Swift standard library provides two
Encoder implementations: for JSON and for Property List. Both (not 100 percent sure about PL though) support keyed containers for storing structures. What if the destination format hasn't notion of keyed objects and just stores fields in order? Can
Codable protocol be used in this scenario? If not, how to implement something similar? Specifically, who is actually responsible for a generation of a serialisation code for structs inheriting
Codable? In Rust for comparison it would be done by a macro, but I'm very new to Swift
Swift standard library provides two
Yes that works, I implemented a binary coder as an experiment some time ago based on this blog post: mikeash.com: Friday Q&A 2017-07-28: A Binary Coder for Swift
The encode/decode functions are called in source order so it's possible to ignore the keys (at least in the current Codable implementation, I don't think it's officially documented).
It's up to the author of the
Encoder to decides what happens in this case. For example, you could store keyed objects in
[key, object, key, object, key, object, ...] linear order, then re-hydrate an actual dictionary when decoding.
Codable code synthesis is currently performed by the compiler.
I would strongly advise against throwing away keys, as otherwise-harmless source code changes (e.g., moving a property around in the source file) could lead to significant breakages. Right now, the compiler synthesizes your
CodingKeys enum based on the order of your properties in source code, and then synthesizes your
encode(to:) based on the order of the keys in
CodingKeys, but this is not guaranteed in any way. And, even if you define
CodingKeys manually and are very, very careful to never reorder keys in the
enum, there's nothing requiring the compiler to synthesize code which uses those in order
Yes I agree that one has to be careful with code that relies on the source order, but it can also be very useful.
Would it be possible to codify the current behavior? Would this need a swift-evolution proposal?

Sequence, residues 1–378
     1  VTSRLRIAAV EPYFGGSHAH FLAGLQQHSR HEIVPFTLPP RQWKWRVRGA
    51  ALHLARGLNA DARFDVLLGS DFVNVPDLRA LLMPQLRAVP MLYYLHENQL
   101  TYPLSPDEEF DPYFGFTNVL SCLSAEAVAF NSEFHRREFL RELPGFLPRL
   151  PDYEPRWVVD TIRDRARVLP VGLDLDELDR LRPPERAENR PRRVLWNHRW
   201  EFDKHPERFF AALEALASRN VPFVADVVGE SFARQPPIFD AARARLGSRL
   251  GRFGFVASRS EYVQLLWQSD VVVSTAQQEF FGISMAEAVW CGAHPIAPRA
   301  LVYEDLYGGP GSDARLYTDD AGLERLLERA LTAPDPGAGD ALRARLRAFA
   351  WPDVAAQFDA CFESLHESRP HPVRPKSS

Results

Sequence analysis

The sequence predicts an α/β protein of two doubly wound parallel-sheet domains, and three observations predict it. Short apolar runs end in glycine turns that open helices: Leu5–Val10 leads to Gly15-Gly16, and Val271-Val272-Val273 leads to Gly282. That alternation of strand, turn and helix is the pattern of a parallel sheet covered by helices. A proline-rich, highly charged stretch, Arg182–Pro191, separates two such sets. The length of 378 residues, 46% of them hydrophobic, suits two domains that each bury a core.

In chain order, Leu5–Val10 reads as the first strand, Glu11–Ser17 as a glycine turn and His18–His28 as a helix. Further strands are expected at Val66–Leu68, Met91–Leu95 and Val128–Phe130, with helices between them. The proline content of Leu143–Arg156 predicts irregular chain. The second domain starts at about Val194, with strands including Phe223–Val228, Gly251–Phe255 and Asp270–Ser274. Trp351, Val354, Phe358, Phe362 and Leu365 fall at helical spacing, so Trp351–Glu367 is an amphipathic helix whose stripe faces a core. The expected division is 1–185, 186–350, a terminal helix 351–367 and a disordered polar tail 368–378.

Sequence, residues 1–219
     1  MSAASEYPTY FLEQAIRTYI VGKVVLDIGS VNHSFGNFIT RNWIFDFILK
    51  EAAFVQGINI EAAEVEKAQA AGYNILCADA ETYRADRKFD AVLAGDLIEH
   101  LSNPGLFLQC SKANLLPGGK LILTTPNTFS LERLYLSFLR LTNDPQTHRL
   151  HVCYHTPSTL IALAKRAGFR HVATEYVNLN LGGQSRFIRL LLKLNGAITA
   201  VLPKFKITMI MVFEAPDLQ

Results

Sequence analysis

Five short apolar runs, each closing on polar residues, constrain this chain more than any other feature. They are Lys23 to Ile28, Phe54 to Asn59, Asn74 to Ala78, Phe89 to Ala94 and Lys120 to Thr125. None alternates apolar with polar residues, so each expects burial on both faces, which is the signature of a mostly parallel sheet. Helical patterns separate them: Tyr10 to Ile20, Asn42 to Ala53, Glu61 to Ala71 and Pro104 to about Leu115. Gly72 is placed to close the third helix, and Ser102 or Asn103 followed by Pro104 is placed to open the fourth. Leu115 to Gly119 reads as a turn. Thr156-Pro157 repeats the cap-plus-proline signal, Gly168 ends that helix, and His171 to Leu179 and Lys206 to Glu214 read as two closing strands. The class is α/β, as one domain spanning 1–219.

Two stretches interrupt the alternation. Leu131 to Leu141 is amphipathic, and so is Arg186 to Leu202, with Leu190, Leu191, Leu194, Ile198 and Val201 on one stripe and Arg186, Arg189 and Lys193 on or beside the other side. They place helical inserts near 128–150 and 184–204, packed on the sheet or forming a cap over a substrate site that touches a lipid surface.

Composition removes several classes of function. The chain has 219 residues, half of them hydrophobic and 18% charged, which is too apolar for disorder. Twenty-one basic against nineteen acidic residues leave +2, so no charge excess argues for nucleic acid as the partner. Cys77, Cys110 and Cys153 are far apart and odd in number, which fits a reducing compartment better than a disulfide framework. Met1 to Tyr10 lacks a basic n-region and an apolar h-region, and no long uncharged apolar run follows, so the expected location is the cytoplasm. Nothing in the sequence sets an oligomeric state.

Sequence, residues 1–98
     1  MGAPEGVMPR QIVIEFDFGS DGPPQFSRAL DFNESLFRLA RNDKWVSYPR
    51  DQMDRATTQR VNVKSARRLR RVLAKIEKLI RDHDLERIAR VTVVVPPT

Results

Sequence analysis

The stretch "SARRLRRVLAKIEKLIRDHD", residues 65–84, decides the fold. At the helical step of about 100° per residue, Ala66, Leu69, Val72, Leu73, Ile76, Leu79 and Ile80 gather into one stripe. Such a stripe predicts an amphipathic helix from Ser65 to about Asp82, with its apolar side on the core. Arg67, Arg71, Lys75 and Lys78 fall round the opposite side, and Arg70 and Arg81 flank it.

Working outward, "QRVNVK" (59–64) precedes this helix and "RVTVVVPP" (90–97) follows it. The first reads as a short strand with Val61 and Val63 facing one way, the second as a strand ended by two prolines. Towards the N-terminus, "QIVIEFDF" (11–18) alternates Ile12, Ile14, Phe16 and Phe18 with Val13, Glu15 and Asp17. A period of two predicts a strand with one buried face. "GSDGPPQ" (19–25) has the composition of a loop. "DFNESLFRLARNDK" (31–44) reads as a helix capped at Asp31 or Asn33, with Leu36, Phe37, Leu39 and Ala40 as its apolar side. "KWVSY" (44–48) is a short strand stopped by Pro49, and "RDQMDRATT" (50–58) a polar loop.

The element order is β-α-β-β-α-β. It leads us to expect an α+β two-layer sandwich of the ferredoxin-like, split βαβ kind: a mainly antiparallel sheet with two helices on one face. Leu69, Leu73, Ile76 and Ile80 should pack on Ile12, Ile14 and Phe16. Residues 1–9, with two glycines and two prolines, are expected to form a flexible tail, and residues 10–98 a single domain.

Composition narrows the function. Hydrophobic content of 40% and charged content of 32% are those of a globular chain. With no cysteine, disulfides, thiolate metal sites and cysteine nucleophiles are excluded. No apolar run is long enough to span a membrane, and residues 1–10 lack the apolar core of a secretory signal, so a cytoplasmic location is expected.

Quite possibly! This could be treated similarly to SE-0372: Document Sorting as Stable.
That's not generally workable. There are many legitimate use-cases for an
Encodable type that don't have a fixed set of key-values, let-alone a fixed order. e.g. where one key is only encoded at all based on some program state, or (in decoding) where the decoder conditionalises based on the presence of a key (e.g. to support schema evolution).
If you completely control the entire serdes pipeline, now and forever, then of course it's your option to hard-code limitations and sharp edges. But even then, it might be safer to just implement your own serdes system independent of
Codable (or use
NSCoding, which allows but doesn't require use of keyed coding).
If you implement the encoding/decoding methods manually on your type, you can just use an „UnkeyedCodingContainer“ in codable. I think this would be very similar to what you would do with NSCoding.
I would strongly advise against throwing away keys, as otherwise-harmless source code changes (e.g., moving a property around in the source file) could lead to significant breakages
This a whole point actually. The struct must define it's own layout.
Codablecode synthesis is currently performed by the compiler.
So is it just hardcoded?
Yes. The implementation lives in
lib/sema/DerivedConformanceCodable.cpp if you're curious.
So long as the types you're encoding are under your control or are specifically built with this requirement in mind, then this may be something you can rely on. (Again, assuming the compiler doesn't change.)